TAMPA (WESH) – According to a new report from the University of Florida, most of the state’s population will become infected with coronavirus in the latest omicron wave.
UF biostatisticians have been studying the way that the omicron variant behaves. They say data shows that omicron is twice as infectious as delta and spreads quicker, too.
“So you combine those two things and you get a very fast, large epidemic,” said Ira Longini.
Longini is a UF professor and one of the researchers who worked on the report. So how large of an epidemic are they predicting? This large:
“Probably 70 to 80% of the state will either get infected in this wave or have been infected in a prior wave,” Longini said.
Researchers said the most recent wave is likely to cause many more infections in part because of the variant’s shorter incubation period compared to the Delta variant.
“If you get infected with omicron, you start infecting other people about two days after you’re infected,” said Longini.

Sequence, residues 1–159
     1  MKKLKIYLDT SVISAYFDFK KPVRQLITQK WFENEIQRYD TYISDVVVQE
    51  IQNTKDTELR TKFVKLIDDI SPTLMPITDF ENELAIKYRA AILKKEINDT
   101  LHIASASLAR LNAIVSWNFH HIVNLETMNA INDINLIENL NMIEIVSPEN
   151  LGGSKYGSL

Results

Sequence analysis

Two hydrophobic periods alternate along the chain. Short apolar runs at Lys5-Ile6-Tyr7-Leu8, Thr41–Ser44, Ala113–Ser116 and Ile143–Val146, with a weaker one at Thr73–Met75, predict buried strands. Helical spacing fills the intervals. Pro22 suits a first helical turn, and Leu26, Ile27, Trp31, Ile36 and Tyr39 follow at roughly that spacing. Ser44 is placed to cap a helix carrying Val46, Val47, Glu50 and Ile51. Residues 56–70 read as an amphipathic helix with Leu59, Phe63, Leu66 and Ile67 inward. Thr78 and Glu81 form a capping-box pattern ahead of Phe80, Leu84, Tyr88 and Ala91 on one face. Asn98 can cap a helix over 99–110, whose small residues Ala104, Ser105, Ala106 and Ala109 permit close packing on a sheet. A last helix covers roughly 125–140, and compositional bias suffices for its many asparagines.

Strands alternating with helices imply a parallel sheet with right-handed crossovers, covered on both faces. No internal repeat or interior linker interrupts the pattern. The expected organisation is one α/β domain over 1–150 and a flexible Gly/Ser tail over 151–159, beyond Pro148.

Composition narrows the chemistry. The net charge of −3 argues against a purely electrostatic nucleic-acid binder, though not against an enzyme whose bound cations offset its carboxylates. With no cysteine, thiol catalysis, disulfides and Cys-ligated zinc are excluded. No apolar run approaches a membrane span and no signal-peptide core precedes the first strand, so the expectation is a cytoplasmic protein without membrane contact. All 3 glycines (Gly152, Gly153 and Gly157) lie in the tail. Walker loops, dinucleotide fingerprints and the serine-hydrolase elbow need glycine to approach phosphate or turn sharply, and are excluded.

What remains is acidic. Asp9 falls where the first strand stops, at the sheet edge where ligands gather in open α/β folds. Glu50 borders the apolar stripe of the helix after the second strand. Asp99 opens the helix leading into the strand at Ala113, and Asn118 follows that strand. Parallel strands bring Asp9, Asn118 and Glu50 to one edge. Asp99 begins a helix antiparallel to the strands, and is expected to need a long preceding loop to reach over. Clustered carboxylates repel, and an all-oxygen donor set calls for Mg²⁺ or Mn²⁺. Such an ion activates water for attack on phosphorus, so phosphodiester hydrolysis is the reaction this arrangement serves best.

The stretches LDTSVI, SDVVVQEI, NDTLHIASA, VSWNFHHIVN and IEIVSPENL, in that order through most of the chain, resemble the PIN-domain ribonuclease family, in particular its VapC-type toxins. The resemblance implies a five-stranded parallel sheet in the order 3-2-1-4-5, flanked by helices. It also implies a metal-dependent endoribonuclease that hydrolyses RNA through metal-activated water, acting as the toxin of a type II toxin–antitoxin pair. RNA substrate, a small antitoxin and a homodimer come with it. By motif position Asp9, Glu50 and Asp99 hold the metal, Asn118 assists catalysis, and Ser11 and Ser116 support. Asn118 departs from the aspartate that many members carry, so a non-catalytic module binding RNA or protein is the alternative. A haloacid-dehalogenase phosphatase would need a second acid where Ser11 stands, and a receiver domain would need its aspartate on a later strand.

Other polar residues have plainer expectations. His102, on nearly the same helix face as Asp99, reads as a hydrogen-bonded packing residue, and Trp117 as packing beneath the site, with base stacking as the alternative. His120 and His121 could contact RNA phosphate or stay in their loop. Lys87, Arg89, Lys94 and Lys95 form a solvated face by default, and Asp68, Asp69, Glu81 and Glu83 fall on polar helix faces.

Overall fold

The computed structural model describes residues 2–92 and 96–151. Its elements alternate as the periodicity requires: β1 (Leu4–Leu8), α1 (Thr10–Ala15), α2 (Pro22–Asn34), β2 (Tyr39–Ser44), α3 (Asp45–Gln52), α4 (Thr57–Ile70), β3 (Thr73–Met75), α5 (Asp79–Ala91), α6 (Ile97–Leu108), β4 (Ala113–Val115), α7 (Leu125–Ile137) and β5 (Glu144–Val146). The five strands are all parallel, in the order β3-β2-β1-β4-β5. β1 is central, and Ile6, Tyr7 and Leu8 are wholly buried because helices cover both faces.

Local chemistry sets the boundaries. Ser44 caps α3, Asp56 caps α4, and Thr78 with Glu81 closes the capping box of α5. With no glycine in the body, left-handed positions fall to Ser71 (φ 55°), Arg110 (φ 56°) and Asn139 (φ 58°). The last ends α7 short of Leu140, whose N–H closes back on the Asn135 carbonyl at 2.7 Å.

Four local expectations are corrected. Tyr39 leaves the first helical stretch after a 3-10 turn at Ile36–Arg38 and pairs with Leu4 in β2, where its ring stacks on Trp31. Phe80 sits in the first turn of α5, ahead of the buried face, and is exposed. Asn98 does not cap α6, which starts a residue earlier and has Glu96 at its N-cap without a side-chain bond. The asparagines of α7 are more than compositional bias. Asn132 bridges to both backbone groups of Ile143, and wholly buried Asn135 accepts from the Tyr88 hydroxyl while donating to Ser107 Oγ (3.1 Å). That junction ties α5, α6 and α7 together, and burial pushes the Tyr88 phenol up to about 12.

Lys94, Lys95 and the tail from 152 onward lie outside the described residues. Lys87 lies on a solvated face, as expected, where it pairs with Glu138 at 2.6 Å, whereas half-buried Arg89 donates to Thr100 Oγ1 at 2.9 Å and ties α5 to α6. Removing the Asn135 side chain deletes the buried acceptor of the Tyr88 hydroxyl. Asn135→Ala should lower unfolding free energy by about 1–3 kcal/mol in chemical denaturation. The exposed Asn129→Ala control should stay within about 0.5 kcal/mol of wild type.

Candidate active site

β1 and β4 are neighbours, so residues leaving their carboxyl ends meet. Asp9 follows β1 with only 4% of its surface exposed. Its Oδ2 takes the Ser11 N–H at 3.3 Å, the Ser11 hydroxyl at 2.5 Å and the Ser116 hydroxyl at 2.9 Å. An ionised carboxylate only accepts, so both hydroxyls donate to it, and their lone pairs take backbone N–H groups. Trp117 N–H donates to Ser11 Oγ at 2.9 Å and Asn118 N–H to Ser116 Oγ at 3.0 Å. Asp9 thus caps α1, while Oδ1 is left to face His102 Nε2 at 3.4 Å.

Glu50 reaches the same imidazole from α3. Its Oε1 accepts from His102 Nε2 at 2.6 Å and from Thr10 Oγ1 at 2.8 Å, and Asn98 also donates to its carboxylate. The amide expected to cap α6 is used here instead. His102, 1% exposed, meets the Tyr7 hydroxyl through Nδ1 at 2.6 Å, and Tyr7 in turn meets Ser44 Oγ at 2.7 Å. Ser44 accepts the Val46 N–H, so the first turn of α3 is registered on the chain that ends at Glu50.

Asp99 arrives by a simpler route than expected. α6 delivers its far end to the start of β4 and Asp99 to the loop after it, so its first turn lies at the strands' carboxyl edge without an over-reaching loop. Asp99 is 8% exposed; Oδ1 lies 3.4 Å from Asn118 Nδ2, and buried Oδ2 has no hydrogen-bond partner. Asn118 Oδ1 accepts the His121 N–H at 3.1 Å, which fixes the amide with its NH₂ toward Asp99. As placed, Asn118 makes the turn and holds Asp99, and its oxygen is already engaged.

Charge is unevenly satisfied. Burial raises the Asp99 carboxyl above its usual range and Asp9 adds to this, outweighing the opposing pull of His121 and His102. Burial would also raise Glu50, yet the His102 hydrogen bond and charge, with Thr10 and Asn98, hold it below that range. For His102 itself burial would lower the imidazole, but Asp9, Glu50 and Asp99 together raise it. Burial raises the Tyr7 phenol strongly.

With delta, he said it usually took about five days to spread. The quick transmission means an earlier peak.
Last month, UF researchers predicted that the omicron wave would peak in February. Because of the significant growth in cases, they updated their prediction to next week.
“It’s good news in the sense that the wave will be over certainly by the end of January,” said Longini. “The bad news it’s going to be very intense for the next couple weeks with lots of cases and it probably will put a strain on our hospital resources.”
With the peak just days away, Longini said it is not too late to take precautions.
“We may get more variants in the future,” he said. “So I think the more people we can vaccinate and keep vaccinating, especially our children who need to be vaccinated, especially the younger children, to keep doing that. Not let up is going to be very important going forward.”
While researchers warn most of the state could become infected by the end of this wave, they add that majority of people will either be asymptomatic or have a mild case. They estimate that omicron will cause substantially fewer deaths, about a third as many deaths caused by delta.